Submission to husband:
As mentioned earlier, Ephesians 5:22-24 and Colossians 3:18 instruct wives to submit to their husbands.
Respect and love:
In Ephesians 5:33, husbands are instructed to love their wives as they love themselves, and wives are taught to respect their husbands.
This passage describes the ideal wife as capable, hardworking, and dedicated to her family. She manages her household well, cares for her children, and is a provider for her family.
This passage instructs older women to teach younger women how to love their husbands and children, to be self-controlled, pure, and kind, and to manage their households well.
These examples suggest that the Bible has a high view of marriage and family and that women have an essential role in the care and management of their households.
While there are specific instructions for wives to submit to their husbands, there are instructions for husbands to love and respect their wives and for older women to mentor and guide younger women in their roles as wives and mothers.
Women’s Spiritual Gifts and Callings
The Bible teaches that women are not excluded from receiving spiritual gifts and callings from God. God explicitly called several women in the Bible for particular purposes, and there are no restrictions in Scripture that would prevent women from exercising their spiritual gifts. Here are some examples:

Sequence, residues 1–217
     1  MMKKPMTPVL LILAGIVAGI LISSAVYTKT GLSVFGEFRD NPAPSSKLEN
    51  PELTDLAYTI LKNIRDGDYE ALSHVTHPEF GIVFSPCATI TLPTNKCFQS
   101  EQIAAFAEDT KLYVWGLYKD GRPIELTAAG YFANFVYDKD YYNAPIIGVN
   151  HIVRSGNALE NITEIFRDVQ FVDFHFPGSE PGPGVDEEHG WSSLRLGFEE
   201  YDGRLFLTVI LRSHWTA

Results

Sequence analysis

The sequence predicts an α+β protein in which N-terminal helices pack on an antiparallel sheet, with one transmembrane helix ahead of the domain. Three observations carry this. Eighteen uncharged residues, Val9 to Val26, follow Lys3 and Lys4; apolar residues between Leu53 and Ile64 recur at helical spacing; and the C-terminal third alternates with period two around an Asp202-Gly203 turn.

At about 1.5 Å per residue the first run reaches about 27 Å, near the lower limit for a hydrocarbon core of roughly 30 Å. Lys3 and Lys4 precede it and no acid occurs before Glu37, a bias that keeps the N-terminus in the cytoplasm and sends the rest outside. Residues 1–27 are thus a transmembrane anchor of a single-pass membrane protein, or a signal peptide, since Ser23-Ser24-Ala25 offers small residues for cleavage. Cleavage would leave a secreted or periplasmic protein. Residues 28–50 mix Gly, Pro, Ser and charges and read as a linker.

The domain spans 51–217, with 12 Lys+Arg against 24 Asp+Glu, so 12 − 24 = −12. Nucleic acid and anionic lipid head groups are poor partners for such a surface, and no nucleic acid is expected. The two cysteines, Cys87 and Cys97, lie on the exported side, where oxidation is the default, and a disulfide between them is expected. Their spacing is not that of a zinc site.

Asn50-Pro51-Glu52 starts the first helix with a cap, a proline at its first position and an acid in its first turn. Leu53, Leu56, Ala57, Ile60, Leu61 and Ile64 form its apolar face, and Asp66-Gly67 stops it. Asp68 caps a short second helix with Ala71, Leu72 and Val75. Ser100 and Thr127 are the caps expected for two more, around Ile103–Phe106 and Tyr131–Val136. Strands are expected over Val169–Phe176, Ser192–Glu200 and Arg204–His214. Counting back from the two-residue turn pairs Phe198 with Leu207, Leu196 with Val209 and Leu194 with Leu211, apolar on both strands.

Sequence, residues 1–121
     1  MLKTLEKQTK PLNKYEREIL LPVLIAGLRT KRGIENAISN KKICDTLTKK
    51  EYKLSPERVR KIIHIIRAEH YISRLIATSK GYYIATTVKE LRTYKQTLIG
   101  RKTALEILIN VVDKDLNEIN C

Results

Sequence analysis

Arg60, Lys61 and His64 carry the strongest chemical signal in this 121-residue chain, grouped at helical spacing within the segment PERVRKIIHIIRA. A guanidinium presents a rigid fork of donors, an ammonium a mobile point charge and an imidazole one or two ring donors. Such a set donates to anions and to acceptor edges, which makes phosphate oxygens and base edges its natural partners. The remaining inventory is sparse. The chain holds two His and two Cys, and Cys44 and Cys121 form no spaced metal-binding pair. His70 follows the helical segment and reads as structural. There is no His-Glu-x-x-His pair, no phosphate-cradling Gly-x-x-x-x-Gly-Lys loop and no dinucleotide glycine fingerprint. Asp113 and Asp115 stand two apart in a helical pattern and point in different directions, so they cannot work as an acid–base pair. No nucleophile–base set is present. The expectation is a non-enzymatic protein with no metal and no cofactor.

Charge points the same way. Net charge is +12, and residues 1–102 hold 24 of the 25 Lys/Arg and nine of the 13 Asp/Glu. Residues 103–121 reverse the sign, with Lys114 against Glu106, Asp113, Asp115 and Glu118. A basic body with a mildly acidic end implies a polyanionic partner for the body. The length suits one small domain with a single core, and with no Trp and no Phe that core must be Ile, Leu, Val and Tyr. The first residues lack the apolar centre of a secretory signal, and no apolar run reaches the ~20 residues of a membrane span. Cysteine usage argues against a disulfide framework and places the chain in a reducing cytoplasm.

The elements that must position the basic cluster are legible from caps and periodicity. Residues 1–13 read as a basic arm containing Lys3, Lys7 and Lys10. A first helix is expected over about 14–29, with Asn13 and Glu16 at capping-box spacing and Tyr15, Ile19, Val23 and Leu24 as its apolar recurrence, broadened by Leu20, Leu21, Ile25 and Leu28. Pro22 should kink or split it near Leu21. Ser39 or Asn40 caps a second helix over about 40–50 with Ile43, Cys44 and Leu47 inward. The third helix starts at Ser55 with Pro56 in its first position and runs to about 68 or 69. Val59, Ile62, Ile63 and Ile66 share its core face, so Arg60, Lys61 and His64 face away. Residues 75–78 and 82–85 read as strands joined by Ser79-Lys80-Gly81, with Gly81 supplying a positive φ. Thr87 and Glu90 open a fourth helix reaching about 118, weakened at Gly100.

Miriam: In Exodus 15:20-21
Miriam is called a prophetess and leads the Israelite women in song and dance after crossing the Red Sea.
Deborah: In Judges 4-5
Deborah is described as a prophetess and judge who leads the Israelites to victory over their enemies.
Huldah: In 2 Kings 22:14-20
Huldah is described as a prophetess who guides King Josiah regarding the discovery of the book of the law.
Priscilla: In Acts 18:26
Priscilla is described as a co-worker with her husband Aquila in instructing Apollos in the way of the Lord.
Philip’s daughters: In Acts 21:9
we read that Philip the evangelist had four unmarried daughters who prophesied.
These examples suggest that women are not excluded from receiving spiritual gifts or callings from God. Women are described as prophets, judges, and co-workers in ministry and are given the freedom to exercise their skills within the church context.
Women’s Role in Evangelism and Missions
There are several examples in the Bible of women playing a significant role in evangelism and missions. Here are some examples:
The Samaritan Woman: In John 4,